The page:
BBC Homepage World Service Education
BBC Homepagelow graphics version | feedback | help
BBC News Online
 You are in: UK Politics
Front Page 
World 
UK 
UK Politics 
Interviews 
Business 
Sci/Tech 
Health 
Education 
Entertainment 
Talking Point 
In Depth 
AudioVideo 



The BBC's June Kelly
"Seven Tories have now undermined the Widdecombe strategy"
 real 56k

Peter Ainsworth, Shadow Culture spokesman
"I've clearly made a mistake quarter of a century ago"
 real 28k

Sunday, 8 October, 2000, 19:33 GMT 20:33 UK
Tory admission sparks dope debate
Joint rolling
Not all Tories support the zero tolerance approach
Liberal Democrat leader Charles Kennedy calls for the decriminalisation of cannabis after seven senior Tories admit having smoked the drug.

The revelations come four days after shadow home secretary Ann Widdecombe unveiled the party's "zero tolerance" stance, including plans for an automatic fine for cannabis users.

Shadow culture secretary Peter Ainsworth, one of the seven named Tories, told the BBC the "zero tolerance" policy needed to be reviewed after seven members of the shadow cabinet admitted taking cannabis in their youth.

Owning up to cannabis
Peter Ainsworth,
Francis Maude,
Lord Strathclyde
Bernard Jenkin
David Willets
Archie Norman
Oliver Letwin
He said "The policy needs to be looked at again, it needs to be discussed".

Shadow foreign secretary Francis Maude and Lords leader Lord Strathclyde were also among those who have admitted using the illegal drug.

Tory leader William Hague and Miss Widdecombe were among nine frontbenchers who denied ever having experimented with illegal drugs, when asked by the Mail on Sunday.

A further three, including shadow chancellor Michael Portillo, declined to answer. Two others could not be contacted.

Mr Kennedy seized on Tory embarrassment about the revelations and said he was personally in favour of cannabis being decriminalised.

He said he wanted a Royal Commission to tackle the issue, and said recreational cannabis use should be a "civil offence".

Charles Kennedy
Charles Kennedy: Personally favours decriminalisation
Asked on ITV's Jonathan Dimbleby's programme why he would not call for decriminalisation in his party's manifesto, Mr Kennedy said: "It would be inconsistent for me and the Liberal Democrats to be arguing for a Royal Commission and then to prejudge it."

He added: "You asked me for a personal opinion and I gave you a personal opinion, but I would like to see an authoritative all-party, non-party look at the issue, rather than the hysterics of the past few days."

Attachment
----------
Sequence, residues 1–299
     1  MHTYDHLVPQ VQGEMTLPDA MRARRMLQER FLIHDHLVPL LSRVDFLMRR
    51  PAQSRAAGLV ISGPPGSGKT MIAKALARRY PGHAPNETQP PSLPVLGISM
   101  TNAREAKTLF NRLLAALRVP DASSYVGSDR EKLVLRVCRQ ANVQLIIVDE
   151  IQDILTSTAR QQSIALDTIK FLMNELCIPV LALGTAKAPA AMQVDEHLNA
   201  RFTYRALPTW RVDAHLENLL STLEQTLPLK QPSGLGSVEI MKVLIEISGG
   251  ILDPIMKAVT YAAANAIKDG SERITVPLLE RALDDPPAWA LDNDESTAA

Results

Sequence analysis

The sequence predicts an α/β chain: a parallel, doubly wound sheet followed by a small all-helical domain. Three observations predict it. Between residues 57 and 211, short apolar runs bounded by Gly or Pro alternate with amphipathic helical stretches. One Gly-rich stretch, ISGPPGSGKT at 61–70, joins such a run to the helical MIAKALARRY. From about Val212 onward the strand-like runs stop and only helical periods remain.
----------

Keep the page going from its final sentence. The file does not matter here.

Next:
Mr Ainsworth told BBC Radio 4: "We wish to send a very clear message that drugs are wrong.

"The fact is, in my opinion, nobody is going to die of cannabis and I think it is unrealistic to expect people not to come across it.

"I came across it, I never owned it, I never bought it but I was in places where it was going around, so very, very, occasionally I had a puff."

But Mr Ainsworth said his experience was "worlds apart from serious drugs, drug dealing, selling drugs to children where we take a very hard line and rightly so".

Shadow culture secretary Peter Ainsworth
Peter Ainsworth:"No-one is going to die of cannabis"
Official party sources have refused to comment on the disclosures, but veteran backbencher Sir Teddy Taylor said the seven should be sacked.

The other frontbenchers who admitted trying cannabis were shadow transport minister Bernard Jenkin, shadow social security secretary David Willetts, shadow environment secretary Archie Norman and shadow chief secretary to the treasury Oliver Letwin.

The Mail on Sunday said it was approached by "senior Tories", who said that the shadow cabinet members were so furious about Miss Widdecombe's initiative that they were ready to admit their youthful indiscretions.

But Miss Widdecombe was defiant when told of the admissions.

She said: "I am not interested in the past. I am only interested in the measures we need for the future."


They are normal human beings and they weren't brought up in monasteries.

Paul Flynn MP
Labour backbencher Paul Flynn, who has long campaigned for the decriminalisation of cannabis, called for other MPs to be more honest.

He said: "I welcome the shadow cabinet members' comments.

"They are normal human beings and they weren't brought up in monasteries. They shared the experiences of their generation and one would expect that to be the case.

"Politicians, including the Labour leadership, ought to start telling the truth on this issue."

The Legalise Cannabis Campaign said "European harmonisation" meant that the drug was "bound" to be decriminalised."

Spokeswoman Linda Hendry said: "It is good to have politicians talking about having used drugs because they are really the last bastion of people who are against change."

In her conference speech last Wednesday, Miss Widdecombe said she would introduce a fixed penalty of 100 for a first offence of possessing drugs - no matter how small the quantity.

Search BBC News Online

Advanced search options
Launch console
BBC RADIO NEWS
BBC ONE TV NEWS
WORLD NEWS SUMMARY
PROGRAMMES GUIDE
See also:

08 Oct 00 | UK Politics
Tory drug confessors join growing club
08 Oct 00 | Scotland
Rifkind defends 'dope-smoking' MPs
05 Oct 00 | Conservatives
Tory drugs row continues
05 Oct 00 | Conservatives
Widdecombe stands by drugs policy
04 Oct 00 | Conservatives
Tories get tough on drugs
24 Jan 00 | UK Politics
Senior Lib Dem tried cannabis
16 Jan 00 | UK Politics
I smoked cannabis, admits Mowlam
Internet links:


The BBC is not responsible for the content of external internet sites

Links to more UK Politics stories are at the foot of the page.


E-mail this story to a friend

Links to more UK Politics stories